Bank of Japan Whipsaws Markets in Tussle Over Yield Controlby and
BOJ first disappoints with lower-than-expected debt purchases
Central bank then offers to buy unlimited amount at fixed rate
The Bank of Japan whipsawed markets as it fought to assert control over rising bond yields.
The Japanese central bank first disappointed with a smaller-than-expected increase in bond purchases Friday morning, which spurred the 10-year yield and the yen to advance. Its unscheduled offer later to buy an unlimited amount of debt for some maturities sent rates and the currency falling.
“The operation was a surprise aimed at definitely stopping the rise in yields,” Takenobu Nakashima, quantitative strategist at Nomura Securities Co. “What’s astonishing is that the BOJ is offering to buy at yields lower than where the markets are. In other words, the BOJ will pay to buy, showing that it wants to halt the yield even at its cost.”
Investors are testing BOJ Governor Haruhiko Kuroda’s resolve to maintain a five-month old policy of holding 10-year debt at around zero percent, as Japan increasingly looks out of step with the improving outlook for the global economy. While the central bank has said it wants to have more flexibility in its operations, the moves Friday raise questions over its communication strategy.
Japan’s 10-year yield fell 1.5 basis points to 0.095 percent as of 3:28 p.m. in Tokyo after rising as high as 0.15 percent. The yen fell 0.2 percent to 113.06 against the dollar, reversing a gain of as much as 0.3 percent.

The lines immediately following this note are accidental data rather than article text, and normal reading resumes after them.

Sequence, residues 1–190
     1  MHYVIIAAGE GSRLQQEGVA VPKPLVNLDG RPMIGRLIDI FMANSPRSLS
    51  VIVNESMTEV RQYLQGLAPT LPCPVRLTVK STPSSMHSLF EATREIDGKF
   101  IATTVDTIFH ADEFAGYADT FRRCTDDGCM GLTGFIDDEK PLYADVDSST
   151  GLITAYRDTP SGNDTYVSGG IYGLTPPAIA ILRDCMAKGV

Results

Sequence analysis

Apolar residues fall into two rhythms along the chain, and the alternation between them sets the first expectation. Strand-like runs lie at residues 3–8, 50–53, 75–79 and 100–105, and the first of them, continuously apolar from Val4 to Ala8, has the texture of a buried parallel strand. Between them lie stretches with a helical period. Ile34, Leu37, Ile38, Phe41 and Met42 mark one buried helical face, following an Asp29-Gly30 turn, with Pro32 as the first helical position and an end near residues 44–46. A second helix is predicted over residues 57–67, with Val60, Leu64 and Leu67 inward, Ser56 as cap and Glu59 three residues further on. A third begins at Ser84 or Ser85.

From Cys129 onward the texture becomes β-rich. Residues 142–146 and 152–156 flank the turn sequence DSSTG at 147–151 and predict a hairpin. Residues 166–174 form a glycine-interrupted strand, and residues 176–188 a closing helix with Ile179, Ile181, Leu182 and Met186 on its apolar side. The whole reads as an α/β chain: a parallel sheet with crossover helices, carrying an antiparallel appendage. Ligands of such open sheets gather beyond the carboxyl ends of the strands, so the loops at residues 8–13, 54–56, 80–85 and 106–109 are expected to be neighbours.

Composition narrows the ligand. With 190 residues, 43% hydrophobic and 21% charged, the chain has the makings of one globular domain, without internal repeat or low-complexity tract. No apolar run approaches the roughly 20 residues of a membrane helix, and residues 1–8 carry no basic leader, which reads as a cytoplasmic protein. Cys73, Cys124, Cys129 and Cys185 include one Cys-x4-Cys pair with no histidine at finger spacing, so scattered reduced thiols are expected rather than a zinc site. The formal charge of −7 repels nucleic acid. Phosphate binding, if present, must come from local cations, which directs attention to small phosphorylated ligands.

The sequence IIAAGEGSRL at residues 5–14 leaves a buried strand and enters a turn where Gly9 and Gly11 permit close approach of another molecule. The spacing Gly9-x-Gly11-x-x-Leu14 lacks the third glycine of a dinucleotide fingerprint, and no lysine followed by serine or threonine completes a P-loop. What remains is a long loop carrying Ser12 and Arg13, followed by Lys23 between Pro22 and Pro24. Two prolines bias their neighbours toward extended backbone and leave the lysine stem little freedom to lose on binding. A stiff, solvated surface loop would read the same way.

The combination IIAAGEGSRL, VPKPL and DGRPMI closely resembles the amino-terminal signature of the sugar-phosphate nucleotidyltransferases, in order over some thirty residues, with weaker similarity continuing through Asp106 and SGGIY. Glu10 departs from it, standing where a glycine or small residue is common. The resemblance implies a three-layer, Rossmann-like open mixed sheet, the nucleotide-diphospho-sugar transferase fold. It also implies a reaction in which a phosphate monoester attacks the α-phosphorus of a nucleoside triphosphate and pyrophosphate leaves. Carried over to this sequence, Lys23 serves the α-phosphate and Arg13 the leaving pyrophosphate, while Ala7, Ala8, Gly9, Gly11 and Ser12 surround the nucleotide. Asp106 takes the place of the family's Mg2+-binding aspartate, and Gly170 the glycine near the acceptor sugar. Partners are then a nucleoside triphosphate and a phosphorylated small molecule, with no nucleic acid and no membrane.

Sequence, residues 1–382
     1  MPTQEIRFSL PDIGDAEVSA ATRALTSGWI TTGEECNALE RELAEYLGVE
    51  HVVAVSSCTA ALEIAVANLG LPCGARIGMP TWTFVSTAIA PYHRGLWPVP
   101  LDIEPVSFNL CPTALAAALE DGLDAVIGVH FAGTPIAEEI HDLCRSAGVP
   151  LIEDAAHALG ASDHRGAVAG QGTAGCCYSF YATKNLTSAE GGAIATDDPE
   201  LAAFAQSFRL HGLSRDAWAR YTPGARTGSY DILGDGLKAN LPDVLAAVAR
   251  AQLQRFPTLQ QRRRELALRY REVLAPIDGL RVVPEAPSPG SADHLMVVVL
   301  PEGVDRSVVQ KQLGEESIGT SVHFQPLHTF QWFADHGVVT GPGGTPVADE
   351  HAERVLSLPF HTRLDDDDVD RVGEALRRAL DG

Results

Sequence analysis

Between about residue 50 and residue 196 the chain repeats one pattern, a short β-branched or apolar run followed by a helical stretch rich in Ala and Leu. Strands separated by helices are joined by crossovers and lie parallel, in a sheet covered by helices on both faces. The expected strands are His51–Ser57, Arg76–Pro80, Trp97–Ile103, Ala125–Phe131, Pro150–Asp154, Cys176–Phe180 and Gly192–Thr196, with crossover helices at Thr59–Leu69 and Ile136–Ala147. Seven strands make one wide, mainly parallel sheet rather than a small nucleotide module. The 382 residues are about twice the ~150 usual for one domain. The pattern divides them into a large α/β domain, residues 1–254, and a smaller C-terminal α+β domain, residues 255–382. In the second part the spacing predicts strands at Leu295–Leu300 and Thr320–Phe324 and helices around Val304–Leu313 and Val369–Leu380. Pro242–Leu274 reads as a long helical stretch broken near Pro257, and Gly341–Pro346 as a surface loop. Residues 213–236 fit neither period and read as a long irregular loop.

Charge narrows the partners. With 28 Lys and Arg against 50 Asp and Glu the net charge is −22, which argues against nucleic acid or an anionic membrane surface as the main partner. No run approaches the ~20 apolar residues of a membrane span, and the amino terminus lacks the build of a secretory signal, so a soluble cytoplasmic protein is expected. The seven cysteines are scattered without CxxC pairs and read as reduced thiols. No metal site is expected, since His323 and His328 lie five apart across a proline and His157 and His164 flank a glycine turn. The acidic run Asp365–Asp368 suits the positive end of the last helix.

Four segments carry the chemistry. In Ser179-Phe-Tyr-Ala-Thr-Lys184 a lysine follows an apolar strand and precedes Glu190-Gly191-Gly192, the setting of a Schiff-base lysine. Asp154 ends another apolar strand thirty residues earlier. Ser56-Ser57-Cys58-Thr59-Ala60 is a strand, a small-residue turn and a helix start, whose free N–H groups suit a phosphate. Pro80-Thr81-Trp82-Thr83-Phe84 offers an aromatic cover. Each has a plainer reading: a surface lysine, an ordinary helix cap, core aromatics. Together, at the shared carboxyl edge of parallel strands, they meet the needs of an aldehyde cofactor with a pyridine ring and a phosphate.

“The BOJ has shown its willingness to contain the surge in yields, but seems to have failed to communicate well with markets,” said Souichi Takeyama, a rates strategist at SMBC Nikko Securities Inc. in Tokyo.
The BOJ’s offer to buy an unlimited amount of debt with maturities of more than five years to 10 years drew 723.9 billion yen ($6.4 billion) of interest, it said. The central bank had offered to buy the benchmark notes at 0.110 percent. Earlier, at its regular operations, it expanded purchases for bonds due in five-to-10 years to 450 billion yen, from the 410 billion yen planned.
The BOJ carried out the fixed-rate operation to properly implement its 10-year bond yield target of around zero percent, given the sudden rise in long-term yields, said an official in the central bank’s Financial Markets Department.
Kuroda defended the BOJ’s yield-curve control strategy in front of lawmakers Friday, arguing that Japan needs to continue with “powerful easing” given that it’s still far from reaching a 2 percent inflation target.
While Kuroda on Tuesday recommitted to his yield-curve control strategy, he also said investors shouldn’t pay too much attention to daily operations. A few BOJ board members at the December policy meeting said the central bank should avoid setting a uniform range for its management of bond yields, minutes of that gathering showed Friday.
The broader concern among some BOJ officials, along with traders, is that the current pace of purchases is unsustainable in the long run, given the dwindling supply of securities readily saleable. Kuroda has committed to capping annual bond purchases at around 80 trillion yen.